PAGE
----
During the 1930s, Matisse underwent a vital shift in style as the objects in his paintings became increasingly flattened and removed from real space. They became more sign-like. Les Velours, a sign-like imagination of Matisse, the entire work uses textile decorations’ structural principles.
Still-life with Germaniums
This painting with bold colors uses the same Toile de Jouy motifs used in his painting The Dessert: Harmony in Red.
Pianist and Checker Players : Matisse’s Art and Textiles
Matisse decorated the walls with motifs representing the piano’s musical notes. He kept the pianist in plain yellow and covered the wall with decorative motifs to give a dimension, voice, and space to the pianist’s music coming out of the piano.
Spanish Still-life: Matisse’s Art and Textiles
Once when Matisse was in Madrid, he picked up a lovely Spanish wool carpet in blue. He loved that carpet. The blue rug with stylized pomegranate motifs covering the half of the sofa in the painting is the painted version of the rug he picked from Madrid. Other than this carpet. The vivid colors of other textiles used in the painting, like the upholstery on the sofa and cloth on the table, grab the attention.
Odalisque is a word used for a female slave or concubine in a harem, especially one in the seraglio of the Sultan of Turkey. Matisse created a series of Odalisques using different decorative motifs. The vibrant textiles with bold florals motifs played a vital role in his intention to express the extreme sensuality of his Odalisques.
I am sharing images of some of my favorite Odalisques painted by Matisse.
Around the same time, Matisse was making trips to Morrocco and picking up gorgeous clothes and embellishments. Soon he started dressing his Odalisques in see-through pantaloons, silken slashes, and embroidered boleros, as seen below.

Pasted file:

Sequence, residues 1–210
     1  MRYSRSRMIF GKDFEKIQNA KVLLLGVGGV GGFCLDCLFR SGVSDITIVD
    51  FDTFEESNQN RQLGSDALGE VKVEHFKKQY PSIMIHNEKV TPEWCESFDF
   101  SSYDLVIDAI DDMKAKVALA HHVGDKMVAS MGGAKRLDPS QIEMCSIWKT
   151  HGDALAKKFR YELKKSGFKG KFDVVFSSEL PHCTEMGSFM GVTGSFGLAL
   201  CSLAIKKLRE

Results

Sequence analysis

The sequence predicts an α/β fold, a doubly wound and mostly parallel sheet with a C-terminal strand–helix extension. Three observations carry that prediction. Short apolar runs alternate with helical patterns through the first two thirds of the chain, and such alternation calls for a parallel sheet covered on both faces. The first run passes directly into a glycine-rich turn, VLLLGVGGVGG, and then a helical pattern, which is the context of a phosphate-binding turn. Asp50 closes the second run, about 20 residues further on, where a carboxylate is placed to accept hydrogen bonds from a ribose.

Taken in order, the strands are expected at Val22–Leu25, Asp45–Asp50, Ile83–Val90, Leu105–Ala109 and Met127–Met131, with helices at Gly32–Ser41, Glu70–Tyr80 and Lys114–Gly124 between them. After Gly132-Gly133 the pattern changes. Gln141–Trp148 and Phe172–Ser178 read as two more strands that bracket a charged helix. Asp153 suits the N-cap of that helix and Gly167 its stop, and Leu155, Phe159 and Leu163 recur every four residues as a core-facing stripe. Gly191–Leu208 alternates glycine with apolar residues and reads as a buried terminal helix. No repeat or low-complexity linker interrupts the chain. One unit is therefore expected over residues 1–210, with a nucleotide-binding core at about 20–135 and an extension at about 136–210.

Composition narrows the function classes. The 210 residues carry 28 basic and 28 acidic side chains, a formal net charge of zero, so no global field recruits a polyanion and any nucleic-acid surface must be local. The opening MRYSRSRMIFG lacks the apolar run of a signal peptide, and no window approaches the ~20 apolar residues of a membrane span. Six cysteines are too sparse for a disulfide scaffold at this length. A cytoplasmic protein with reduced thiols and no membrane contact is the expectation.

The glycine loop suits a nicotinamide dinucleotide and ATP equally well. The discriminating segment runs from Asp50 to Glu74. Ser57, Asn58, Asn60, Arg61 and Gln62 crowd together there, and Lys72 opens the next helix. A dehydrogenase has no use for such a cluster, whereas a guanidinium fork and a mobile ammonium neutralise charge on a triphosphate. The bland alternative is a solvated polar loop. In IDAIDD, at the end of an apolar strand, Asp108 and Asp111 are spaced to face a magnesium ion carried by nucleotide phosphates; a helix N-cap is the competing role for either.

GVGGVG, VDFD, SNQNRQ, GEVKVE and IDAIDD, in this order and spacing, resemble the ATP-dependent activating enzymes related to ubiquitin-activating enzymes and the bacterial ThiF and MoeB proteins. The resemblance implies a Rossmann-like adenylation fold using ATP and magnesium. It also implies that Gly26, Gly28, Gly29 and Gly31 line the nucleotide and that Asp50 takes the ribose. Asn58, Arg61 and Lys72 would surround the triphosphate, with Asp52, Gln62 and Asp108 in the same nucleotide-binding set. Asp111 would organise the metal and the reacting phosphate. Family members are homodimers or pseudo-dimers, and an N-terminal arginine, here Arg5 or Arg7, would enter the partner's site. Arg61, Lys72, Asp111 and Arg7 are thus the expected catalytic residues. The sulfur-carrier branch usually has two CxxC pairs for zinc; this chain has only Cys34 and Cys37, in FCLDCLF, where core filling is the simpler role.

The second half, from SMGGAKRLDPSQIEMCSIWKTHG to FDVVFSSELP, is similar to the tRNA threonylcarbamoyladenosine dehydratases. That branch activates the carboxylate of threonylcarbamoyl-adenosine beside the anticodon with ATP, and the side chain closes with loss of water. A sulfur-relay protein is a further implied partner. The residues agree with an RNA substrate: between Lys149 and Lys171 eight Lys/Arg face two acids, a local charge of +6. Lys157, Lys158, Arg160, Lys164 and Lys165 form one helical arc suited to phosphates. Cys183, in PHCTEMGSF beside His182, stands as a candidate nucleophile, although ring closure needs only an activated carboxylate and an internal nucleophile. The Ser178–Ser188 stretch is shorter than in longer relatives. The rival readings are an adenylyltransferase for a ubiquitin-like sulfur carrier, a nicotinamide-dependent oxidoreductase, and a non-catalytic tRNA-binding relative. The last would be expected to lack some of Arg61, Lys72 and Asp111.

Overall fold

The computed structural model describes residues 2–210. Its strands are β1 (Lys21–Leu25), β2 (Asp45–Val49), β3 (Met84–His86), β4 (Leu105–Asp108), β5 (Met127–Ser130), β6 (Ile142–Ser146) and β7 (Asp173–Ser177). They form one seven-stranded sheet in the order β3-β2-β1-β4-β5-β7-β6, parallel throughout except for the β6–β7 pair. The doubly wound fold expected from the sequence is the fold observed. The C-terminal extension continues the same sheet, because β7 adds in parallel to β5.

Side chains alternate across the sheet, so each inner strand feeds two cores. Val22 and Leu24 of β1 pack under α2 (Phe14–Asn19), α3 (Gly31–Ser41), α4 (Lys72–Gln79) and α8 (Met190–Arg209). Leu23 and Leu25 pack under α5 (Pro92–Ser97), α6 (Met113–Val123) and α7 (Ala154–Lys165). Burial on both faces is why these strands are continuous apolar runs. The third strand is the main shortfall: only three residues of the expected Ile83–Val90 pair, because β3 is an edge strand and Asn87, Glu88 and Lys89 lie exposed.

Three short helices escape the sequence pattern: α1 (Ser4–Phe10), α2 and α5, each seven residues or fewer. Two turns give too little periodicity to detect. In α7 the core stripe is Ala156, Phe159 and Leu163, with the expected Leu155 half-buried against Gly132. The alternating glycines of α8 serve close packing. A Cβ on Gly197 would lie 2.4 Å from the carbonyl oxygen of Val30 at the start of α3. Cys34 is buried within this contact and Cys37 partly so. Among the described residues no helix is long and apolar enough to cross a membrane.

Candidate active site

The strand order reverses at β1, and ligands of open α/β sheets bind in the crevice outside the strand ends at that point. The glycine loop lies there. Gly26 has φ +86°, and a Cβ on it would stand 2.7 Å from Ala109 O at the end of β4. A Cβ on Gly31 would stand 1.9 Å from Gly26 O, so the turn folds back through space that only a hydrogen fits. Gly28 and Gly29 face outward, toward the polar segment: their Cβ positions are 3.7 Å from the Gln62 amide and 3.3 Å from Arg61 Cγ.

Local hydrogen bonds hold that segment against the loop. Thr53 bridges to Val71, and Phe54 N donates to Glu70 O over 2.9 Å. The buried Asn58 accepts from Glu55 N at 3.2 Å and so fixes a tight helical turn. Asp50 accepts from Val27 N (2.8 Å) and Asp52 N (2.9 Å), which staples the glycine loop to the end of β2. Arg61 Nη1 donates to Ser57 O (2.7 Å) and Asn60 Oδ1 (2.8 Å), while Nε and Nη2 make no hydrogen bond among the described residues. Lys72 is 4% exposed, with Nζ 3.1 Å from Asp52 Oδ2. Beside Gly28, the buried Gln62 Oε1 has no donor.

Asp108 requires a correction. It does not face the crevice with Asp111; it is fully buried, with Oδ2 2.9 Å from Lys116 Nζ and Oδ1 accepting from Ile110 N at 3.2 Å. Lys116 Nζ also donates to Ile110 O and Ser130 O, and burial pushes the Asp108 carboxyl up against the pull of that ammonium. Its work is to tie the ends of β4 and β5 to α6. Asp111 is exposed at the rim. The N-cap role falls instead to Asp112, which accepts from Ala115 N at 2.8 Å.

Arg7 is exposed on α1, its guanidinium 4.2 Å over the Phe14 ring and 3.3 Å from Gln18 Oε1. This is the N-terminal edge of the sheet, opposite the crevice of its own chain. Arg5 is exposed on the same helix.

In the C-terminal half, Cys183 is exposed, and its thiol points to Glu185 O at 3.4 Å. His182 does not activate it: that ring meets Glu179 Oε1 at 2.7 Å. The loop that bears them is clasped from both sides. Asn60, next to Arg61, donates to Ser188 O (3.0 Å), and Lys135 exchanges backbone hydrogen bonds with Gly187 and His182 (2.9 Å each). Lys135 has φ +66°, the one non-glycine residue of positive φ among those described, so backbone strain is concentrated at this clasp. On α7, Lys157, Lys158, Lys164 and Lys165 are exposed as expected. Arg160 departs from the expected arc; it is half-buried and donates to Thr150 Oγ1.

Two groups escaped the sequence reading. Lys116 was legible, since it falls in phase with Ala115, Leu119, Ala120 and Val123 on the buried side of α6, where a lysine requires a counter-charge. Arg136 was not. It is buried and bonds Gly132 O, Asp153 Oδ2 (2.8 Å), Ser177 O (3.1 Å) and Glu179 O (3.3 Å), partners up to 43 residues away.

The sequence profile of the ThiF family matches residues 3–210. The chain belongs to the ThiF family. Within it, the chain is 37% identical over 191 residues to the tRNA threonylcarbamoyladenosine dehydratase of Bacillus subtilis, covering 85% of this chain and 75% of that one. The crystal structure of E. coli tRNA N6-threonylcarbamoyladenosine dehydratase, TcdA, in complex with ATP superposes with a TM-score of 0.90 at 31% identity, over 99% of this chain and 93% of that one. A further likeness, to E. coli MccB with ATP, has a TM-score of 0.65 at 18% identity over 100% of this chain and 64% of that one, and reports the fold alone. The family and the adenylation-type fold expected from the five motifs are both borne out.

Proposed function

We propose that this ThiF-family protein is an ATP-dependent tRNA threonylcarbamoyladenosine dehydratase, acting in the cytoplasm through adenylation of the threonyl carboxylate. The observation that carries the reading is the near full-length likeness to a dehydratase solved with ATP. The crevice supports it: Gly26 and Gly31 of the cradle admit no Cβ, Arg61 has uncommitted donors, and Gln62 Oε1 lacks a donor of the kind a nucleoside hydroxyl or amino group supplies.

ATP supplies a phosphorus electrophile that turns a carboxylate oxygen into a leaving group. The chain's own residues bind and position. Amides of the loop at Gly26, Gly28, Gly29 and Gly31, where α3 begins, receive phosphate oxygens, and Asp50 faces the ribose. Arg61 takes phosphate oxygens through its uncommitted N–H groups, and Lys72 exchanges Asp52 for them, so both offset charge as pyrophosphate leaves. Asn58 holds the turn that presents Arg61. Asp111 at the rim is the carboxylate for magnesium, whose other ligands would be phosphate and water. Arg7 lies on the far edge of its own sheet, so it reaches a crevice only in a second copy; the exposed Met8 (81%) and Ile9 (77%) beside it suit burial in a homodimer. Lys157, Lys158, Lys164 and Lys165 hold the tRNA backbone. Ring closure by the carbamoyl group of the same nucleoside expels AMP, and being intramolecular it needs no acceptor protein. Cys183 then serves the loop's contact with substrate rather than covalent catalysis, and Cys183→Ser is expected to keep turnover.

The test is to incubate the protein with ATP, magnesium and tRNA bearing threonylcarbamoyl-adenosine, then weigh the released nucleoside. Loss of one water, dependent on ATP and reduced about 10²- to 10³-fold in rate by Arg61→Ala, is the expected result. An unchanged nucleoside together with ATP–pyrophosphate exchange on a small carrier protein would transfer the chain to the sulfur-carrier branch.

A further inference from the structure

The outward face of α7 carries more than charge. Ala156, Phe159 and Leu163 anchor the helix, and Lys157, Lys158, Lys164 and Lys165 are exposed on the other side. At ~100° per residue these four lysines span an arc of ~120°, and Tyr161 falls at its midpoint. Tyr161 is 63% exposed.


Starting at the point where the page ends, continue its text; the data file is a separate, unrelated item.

The Color of Ideas: Chausables and African Fabrics: Matisse’s Art and Textiles
His bedroom walls had Polynesian tapas and fragments of Kuba fabrics from Africa hung on them as decorative objects. The material of these fabrics was natural fibers, and repeated geometric patterns covered these fabrics. The beauty of the handmade quality of the fabric appealed to Matisse’s imagination. He thought these handmade fabrics with the inherent imperfections of the human hand were like pieces of art.
These African and Polynesian fabrics begin to lead him towards what he wanted: The decorative impact of the geometric patterns and emotional expression.
Matisse had his studio assistants color the paper. Matisse cut these colored papers to create geometric arts inspired by African and Polynesian fabrics.
Matisse left behind him a lot of textile inspiration for the fashion and home decor fraternity. Gouache cut paper art and the peasant blouse in which he dressed many of his models have been used often by different fashion designers.
ABOUT THE AUTHOR
Nidhi Garg Allen is an alumnus of Parsons School of Design and Adjunct Professor at the Fashion Institute of Technology. She is a technologist turned artisan entrepreneur and the founder and CEO of Marasim. Marasim based in NYC is committed to preserving artisanal textiles that make use of regional techniques without uprooting craftspeople from their native communities